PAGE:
The maximum of the FIG. 2 curve determines lmax.sup.σ as well as the corresponding value of Smax.sup.σ. Smax.sup.σ is simply the ordinate of the point on FIG. 2 corresponding to the pressure in turn corresponding to lmax.sup.σ. The maximum of the FIG. 3 curve determines lmax k as well as the corresponding value of Smax k. Smax k is similarly the ordinate of the point of FIG. 2 corresponding to the pressure corresponding in turn to lmax k.
We have calculated the conductivity and permeability of each of a number of sandstone samples (ranging in porosity from 6% to 35%) using capillary pressure data obtained from mercury intrusion measurements on each such sample. FIG. 5 shows the calculated conductivity ratio (or "formation factor") σ/σ0 (plotted on the vertical axis) from equation (1) versus an independently measured value of the ratio σ/σ0 (plotted on the horizontal axis) for each sample. FIG. 6 shows the calculated permeability (plotted on the vertical axis) from equation (2), versus an independently measured absolute permeability (plotted on the horizontal axis) for each sample.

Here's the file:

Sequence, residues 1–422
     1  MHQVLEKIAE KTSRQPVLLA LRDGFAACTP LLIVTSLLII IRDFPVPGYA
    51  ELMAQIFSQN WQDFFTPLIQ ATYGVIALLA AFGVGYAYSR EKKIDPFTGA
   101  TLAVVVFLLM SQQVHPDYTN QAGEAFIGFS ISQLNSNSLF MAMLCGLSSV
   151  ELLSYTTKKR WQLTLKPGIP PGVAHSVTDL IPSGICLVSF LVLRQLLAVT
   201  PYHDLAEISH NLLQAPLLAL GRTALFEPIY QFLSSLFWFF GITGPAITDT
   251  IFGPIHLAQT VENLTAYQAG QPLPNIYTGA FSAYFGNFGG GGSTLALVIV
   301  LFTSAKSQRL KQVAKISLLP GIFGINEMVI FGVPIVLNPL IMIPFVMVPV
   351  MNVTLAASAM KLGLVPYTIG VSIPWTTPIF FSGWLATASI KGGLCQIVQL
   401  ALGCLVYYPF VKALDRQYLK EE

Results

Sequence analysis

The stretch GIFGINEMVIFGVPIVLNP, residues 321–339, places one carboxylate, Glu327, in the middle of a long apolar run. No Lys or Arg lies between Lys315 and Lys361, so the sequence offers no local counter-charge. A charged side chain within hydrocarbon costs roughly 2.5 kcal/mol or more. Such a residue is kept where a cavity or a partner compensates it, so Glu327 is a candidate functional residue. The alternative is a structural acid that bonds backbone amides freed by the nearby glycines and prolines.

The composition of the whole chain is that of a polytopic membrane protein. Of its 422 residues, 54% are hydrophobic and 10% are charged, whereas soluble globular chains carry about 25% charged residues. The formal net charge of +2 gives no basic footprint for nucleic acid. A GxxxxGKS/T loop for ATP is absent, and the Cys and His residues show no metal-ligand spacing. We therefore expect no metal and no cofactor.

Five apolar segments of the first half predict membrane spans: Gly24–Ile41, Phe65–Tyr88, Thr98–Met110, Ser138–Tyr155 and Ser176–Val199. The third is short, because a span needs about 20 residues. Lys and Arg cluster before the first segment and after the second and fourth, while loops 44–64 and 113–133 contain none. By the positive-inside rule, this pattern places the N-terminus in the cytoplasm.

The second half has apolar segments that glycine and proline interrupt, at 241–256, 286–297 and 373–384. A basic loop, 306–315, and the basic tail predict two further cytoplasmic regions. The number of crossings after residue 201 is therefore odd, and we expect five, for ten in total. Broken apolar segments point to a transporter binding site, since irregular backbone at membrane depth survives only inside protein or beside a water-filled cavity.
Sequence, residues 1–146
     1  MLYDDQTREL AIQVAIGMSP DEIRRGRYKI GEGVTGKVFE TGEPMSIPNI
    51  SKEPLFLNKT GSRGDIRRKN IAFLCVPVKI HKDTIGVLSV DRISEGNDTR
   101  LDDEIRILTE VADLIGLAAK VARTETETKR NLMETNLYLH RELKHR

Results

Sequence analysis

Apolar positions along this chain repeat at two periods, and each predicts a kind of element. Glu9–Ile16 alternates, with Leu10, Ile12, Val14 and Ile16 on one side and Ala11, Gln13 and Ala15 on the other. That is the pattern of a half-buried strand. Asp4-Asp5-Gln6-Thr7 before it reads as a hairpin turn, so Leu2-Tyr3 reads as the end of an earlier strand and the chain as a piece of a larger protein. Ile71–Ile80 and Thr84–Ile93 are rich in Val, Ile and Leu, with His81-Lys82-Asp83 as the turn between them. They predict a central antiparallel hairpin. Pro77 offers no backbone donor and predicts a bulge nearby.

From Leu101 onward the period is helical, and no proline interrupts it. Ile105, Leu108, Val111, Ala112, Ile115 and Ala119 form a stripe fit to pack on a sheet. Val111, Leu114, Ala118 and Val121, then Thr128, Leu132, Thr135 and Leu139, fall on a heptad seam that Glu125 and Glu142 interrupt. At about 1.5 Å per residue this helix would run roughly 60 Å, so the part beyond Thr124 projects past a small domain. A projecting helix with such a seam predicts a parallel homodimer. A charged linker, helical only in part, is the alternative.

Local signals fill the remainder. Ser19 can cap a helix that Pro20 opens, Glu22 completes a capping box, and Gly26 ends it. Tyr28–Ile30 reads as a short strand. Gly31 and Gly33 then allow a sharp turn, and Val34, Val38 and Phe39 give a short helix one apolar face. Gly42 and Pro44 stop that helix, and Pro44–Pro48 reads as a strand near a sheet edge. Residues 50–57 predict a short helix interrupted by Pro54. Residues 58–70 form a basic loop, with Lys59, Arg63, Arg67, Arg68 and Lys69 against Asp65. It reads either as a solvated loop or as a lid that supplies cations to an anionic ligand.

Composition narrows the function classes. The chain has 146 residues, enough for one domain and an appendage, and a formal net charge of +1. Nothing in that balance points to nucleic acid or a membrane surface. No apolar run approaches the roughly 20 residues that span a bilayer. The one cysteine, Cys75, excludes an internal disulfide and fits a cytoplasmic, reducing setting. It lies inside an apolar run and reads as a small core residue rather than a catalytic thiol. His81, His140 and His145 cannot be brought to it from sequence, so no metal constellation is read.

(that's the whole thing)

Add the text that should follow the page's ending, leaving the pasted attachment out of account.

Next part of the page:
In an alternative embodiment in which the conductivity ratio σ/σ0 for a sample is independently known, only parameter lc need be extracted from capillary pressure data obtained from nonwetting fluid intrusion measurements performed on the sample in the manner described above. Then, the permeability of the sample is determined from equation (3) and the known conductivity ratio. FIG. 7 shows the calculated permeability (plotted on the vertical axis) from equation (3), versus the independently measured absolute permeability (plotted on the horizontal axis) for each of a set of samples.